Theoretical background

Suffering as art:

In recent decades, performance artists have considered how intangible experiences such as fasting and other acts of endurance may be viewed as artworks.  This seen for example in Joseph Beuys I like America and America likes me, 1974 in which he spent three days locked up alone with a coyote. Several works by leading performance artist Marina Abramović have seen her undergo painful endurance disciplines such as being cut, burned, drugged and even rendered unconscious. Far from trying to glorify suffering itself, these works are rather a submission to particular, site-specific, physical suffering for its symbolic (often political) significance.

Resonances to this are found in biblical history. The Israelite prophets engaged in highly symbolic, often inscrutable public acts. This is seen in Isaiah’s promenade around the city, naked, and in Ezekiel bearing the iniquity of Israel for 390 days lying on his left side, and for Judah for 40 days on his right side. Through their performed signs, the prophets made a physical response to the bleak circumstances around them whilst also, mysteriously, experiencing within their physical bodies, some fragment of the suffering of Israel. Similarly (though far less painfully) participants in the Aesthetic Fast share in some symbolic way in the suffering of others, and yet whilst wearing the ring, also demonstrate a radical, perhaps absurd hope for abolition within their lifetime- “whilst my finger lives!”

Relationship as art:

Another emerging interest within contemporary performance art is in works that explore relational interstices as form, or what art theorist, Nicolas Bourriaud termed 'relational aesthetics'. As part of their series called The Other, Marina Abramović and Frank Uwe Laysiepen (Ulay) performed Rest Energy (January/August 1980).  In this exploration of “relations in space,” the couple stood facing each other and leaning outwards.  They were kept steady by a bow and arrow through which they were joined.  Abramović held the bow’s body as Ulay held the bowstring and arrow at the point of release, and directed at Abramović’s heart.  Should either have let go, the arrow would have impaled Abramović, Ulay would have fallen back and their relational form would have been destroyed.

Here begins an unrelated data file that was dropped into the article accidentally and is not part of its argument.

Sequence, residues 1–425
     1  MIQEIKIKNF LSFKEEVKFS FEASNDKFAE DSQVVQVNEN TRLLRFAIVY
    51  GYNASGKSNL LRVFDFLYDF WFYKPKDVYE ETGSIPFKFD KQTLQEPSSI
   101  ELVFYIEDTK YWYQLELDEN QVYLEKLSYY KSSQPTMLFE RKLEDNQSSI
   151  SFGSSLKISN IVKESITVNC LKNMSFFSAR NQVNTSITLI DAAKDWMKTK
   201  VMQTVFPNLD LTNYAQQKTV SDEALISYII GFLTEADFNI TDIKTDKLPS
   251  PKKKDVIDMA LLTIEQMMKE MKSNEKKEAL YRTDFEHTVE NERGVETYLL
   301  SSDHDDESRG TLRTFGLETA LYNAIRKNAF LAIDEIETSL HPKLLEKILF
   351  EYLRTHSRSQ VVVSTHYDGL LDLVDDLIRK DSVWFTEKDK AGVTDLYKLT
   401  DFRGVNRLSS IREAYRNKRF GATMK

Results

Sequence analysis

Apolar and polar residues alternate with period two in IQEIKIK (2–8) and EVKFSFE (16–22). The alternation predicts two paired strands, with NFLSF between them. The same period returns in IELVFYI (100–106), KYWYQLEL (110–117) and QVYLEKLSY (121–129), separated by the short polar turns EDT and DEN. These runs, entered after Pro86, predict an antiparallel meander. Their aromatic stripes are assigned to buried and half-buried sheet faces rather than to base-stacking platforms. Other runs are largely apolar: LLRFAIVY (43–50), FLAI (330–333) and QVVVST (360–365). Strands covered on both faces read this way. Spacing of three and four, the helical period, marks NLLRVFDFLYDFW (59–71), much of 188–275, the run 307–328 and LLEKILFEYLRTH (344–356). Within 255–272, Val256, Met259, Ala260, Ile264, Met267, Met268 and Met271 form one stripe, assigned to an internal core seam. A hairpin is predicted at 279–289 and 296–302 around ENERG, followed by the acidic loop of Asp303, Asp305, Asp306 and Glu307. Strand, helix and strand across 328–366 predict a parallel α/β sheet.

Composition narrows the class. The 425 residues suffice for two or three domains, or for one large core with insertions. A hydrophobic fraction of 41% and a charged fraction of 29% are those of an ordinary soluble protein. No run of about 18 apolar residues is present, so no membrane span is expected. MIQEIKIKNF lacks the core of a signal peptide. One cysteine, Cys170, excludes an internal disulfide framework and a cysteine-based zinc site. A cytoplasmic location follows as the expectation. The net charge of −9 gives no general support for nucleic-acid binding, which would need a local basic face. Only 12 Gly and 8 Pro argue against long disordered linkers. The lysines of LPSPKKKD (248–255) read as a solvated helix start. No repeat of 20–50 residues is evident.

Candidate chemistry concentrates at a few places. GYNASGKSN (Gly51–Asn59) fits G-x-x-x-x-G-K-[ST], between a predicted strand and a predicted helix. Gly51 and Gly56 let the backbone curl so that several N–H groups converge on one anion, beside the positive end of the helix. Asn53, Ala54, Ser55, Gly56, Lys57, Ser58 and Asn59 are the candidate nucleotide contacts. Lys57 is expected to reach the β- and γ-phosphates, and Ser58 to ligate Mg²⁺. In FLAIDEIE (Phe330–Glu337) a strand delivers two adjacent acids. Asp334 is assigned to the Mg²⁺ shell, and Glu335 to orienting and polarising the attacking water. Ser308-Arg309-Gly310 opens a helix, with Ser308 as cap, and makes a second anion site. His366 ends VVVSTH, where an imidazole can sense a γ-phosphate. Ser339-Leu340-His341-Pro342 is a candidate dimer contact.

One of the characteristics of globalization is an increased sense of connection (or neighbourness) with people (and their suffering) who otherwise continue to remain physically separate to us. This heightened feeling of both connection and disconnection at the same time, calls for more ways in which this complex mode of modern humanity can be positively nurtured. 

The Eucharist offers us both a model and inspiration for this. Through the Last Supper, Jesus continued the biblical tradition of performed signs but this time invited his disciples to participate in the sacrament whose ongoing performance would each time unify the church as a relational form. By uniting believers across borders of time and space, the Eucharist is a chief work of relational art and so becomes the Church's primary mode of performing the hope of the world. It is therefore always, crucially connected to its liberating work in all areas of social need. 

Inspired by the Eucharist, Aesthetic Fast, is an exploration of relational art tended through symbol: across the performers of the fast themselves with each other (whom they may not know) and with those suffering under sexual slavery (whom they do not know). It is a proposition in theological aesthetics; considering how elements of our lives (commissive or ommissive acts; symbolic or effective acts, or things we do or allow to be done to us) may be understood in an aesthetic register, as the creation of new relational forms. It is therefore, neither fundraising nor social activism, nor does it simply play a supporting or illustrative role for social justice work. It is itself - as a symbolic act - part of social justice work broadly conceived. 

Works consulted:

Acconci, Vito and Gregory Volk, Diary of a Body: 1969-1973, New York: Charta, 2004.Bourriaud,

Nicholas, Relational Aesthetics, Dijon: Presses du Réel, 2002.

Hart, David Bentley, The Beauty of the Infinite: The Aesthetics of Christian Truth, Grand Rapids, Michigan: Eerdmans Pub. Co, 2003.

Myers, Ched, Binding the Strongman: A Political Reading of Mark’s Story of Jesus Maryknoll, New York: Orbis Books, 2008.

Vanhoozer, Kevin, The Drama of Doctrine: A Canonical-Linguistic Approach to Christian Theology, Louisville, KY: Westminster John Knox Press, 2005.













This idea of relational form builds on both insights from traditional Jewish and Christian rituals as well as current trends in contemporary performance art.[1]